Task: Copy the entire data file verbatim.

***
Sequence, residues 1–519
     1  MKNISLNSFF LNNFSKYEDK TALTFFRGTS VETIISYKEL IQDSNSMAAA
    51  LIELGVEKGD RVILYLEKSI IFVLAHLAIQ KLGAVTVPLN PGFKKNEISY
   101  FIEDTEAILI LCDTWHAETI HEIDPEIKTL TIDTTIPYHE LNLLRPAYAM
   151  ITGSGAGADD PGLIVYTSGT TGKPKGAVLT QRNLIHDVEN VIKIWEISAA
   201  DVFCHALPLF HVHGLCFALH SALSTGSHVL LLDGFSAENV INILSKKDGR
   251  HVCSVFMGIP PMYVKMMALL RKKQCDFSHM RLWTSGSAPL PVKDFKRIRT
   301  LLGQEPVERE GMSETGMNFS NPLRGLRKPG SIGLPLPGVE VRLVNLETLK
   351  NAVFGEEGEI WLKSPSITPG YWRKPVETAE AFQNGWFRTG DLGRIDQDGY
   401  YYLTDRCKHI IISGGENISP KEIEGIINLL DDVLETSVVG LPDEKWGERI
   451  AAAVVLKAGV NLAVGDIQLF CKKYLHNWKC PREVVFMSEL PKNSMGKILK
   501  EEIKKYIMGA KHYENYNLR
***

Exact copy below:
Sequence, residues 1–519
     1  MKNISLNSFF LNNFSKYEDK TALTFFRGTS VETIISYKEL IQDSNSMAAA
    51  LIELGVEKGD RVILYLEKSI IFVLAHLAIQ KLGAVTVPLN PGFKKNEISY
   101  FIEDTEAILI LCDTWHAETI HEIDPEIKTL TIDTTIPYHE LNLLRPAYAM
   151  ITGSGAGADD PGLIVYTSGT TGKPKGAVLT QRNLIHDVEN VIKIWEISAA
   201  DVFCHALPLF HVHGLCFALH SALSTGSHVL LLDGFSAENV INILSKKDGR
   251  HVCSVFMGIP PMYVKMMALL RKKQCDFSHM RLWTSGSAPL PVKDFKRIRT
   301  LLGQEPVERE GMSETGMNFS NPLRGLRKPG SIGLPLPGVE VRLVNLETLK
   351  NAVFGEEGEI WLKSPSITPG YWRKPVETAE AFQNGWFRTG DLGRIDQDGY
   401  YYLTDRCKHI IISGGENISP KEIEGIINLL DDVLETSVVG LPDEKWGERI
   451  AAAVVLKAGV NLAVGDIQLF CKKYLHNWKC PREVVFMSEL PKNSMGKILK
   501  EEIKKYIMGA KHYENYNLR